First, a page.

View Single Post
  #2  
Old 07-29-2014, 05:47 PM
dontlifttoshift's Avatar
dontlifttoshift dontlifttoshift is online now
Senior Member
 
Join Date: Oct 2012
Location: Beach Park. IL
Posts: 886
Thanks: 8
Thanked 113 Times in 69 Posts
Default

Quote:
Originally Posted by 67Rally View Post

I don't want to switch to a floater rear.
Knock back is caused by the rotor pushing the pistons back in the caliper. Eliminate the movement of the rotor or allow the caliper to move with the rotor.

Wilwood's bearing retainers aren't exactly superstrong pieces, they usually bend slightly on installation and after that it doesn't take much for them to flex resulting in bearing end play and consequently knockback. Stronger retainer plates can be fabricated and careful machine work to maintain the proper bearing preload can go a long way in minimizing knockback.

Floating hub eliminates the rotor movement. You don't like that option, I get it. It's not inexpensive or easy at this point. It is the only surefire way that I am aware of to eliminate rotor movement.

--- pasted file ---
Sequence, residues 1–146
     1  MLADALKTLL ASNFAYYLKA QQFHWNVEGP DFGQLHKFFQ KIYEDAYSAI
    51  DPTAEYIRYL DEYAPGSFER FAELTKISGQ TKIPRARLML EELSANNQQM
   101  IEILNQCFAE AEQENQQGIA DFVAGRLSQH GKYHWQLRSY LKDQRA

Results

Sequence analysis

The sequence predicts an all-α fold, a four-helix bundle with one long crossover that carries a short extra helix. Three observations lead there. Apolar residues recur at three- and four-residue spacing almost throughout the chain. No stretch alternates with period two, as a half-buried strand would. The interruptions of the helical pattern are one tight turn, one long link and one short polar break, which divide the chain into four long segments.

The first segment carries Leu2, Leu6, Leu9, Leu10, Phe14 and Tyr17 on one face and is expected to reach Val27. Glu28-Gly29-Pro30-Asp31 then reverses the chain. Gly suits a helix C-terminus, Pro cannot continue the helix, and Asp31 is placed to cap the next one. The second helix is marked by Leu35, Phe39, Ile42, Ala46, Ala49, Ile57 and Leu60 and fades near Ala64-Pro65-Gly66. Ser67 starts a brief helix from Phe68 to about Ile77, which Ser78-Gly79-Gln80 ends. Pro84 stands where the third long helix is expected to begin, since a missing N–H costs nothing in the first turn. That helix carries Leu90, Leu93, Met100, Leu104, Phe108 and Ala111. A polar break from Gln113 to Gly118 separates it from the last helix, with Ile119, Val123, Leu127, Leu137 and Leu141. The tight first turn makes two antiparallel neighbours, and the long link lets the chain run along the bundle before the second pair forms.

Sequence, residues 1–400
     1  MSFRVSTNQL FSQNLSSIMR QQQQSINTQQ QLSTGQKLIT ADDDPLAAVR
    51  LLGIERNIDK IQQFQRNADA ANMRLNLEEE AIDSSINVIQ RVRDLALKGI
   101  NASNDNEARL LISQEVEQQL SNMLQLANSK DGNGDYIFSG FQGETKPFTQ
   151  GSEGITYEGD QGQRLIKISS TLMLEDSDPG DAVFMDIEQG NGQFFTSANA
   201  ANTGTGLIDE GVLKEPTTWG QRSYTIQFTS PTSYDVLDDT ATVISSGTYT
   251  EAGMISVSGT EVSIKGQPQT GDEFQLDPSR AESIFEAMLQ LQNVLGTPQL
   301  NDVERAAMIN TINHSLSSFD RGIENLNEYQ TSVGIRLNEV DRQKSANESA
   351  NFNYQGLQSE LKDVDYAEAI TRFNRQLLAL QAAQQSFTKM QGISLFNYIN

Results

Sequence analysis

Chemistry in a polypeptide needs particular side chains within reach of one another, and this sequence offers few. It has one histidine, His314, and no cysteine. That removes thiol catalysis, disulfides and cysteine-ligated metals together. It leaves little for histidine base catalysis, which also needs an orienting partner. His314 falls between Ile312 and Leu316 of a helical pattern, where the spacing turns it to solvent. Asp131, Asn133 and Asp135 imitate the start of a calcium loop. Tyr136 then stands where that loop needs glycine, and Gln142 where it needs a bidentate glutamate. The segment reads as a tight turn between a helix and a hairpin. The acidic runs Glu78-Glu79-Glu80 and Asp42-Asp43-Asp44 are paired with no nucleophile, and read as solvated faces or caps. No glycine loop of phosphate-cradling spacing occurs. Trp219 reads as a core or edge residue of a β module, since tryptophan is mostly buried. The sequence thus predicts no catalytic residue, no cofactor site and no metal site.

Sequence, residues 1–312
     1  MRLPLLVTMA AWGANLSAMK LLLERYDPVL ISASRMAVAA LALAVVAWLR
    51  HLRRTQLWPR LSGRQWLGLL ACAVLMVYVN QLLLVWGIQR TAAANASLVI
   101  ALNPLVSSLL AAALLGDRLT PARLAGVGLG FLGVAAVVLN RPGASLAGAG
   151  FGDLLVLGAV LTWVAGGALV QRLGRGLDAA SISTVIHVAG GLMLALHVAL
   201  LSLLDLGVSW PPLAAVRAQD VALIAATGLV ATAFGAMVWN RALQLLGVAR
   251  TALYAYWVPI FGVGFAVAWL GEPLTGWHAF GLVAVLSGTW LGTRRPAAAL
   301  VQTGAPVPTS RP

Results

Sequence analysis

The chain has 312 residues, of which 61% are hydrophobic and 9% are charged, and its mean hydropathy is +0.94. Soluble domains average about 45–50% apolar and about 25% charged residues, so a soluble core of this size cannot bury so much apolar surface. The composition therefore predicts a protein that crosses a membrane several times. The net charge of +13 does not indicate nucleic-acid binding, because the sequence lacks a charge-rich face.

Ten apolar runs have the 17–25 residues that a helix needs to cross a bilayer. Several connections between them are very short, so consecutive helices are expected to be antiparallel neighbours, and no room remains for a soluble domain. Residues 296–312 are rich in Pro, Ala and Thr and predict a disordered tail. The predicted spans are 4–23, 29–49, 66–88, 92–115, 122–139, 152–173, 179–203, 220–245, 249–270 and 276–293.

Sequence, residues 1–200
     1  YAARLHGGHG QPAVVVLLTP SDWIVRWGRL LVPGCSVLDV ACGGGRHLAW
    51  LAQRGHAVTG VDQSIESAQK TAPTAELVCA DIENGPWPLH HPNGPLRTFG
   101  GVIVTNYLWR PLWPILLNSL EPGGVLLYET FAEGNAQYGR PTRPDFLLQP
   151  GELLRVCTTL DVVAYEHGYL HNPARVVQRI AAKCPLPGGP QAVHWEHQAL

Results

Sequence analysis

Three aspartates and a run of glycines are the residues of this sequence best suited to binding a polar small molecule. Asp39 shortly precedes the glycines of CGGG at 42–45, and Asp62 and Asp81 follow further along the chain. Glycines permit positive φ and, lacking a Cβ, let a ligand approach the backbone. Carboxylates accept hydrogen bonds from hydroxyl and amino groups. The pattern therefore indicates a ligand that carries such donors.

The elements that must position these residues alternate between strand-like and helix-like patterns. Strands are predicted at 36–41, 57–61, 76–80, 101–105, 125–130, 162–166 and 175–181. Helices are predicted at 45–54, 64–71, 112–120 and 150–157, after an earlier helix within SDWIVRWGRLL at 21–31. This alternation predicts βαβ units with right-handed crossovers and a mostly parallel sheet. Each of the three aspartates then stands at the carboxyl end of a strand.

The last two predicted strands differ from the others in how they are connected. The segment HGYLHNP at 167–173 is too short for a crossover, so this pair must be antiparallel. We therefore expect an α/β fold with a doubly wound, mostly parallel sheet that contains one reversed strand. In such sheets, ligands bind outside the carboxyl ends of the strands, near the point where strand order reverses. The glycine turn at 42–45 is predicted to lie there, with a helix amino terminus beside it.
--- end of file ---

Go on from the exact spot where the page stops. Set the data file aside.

The floating caliper sounds like a perfect solution. Late model Mustangs use a single piston floating caliper with a rotor diameter as large as 13.8" and have no issues with knockback. This is on a clip rear end with ridiculous amounts of axle end play. The key to a floating caliper working is that the force required to move the piston back must be greater than the force required to move the caliper on it's slides. If the piston pushes back before the caliper slides, you still have knockback. Even with a floating caliper, a residual valve may still be required.

What size wheels and backspace are on your car? Front and rear please.

Have you confirmed that the knock back is definitely coming from the rear? Misadjusted front bearings or spindle flex can cause this as well.
__________________
Donny

Support your local hot rod shop!
Reply With Quote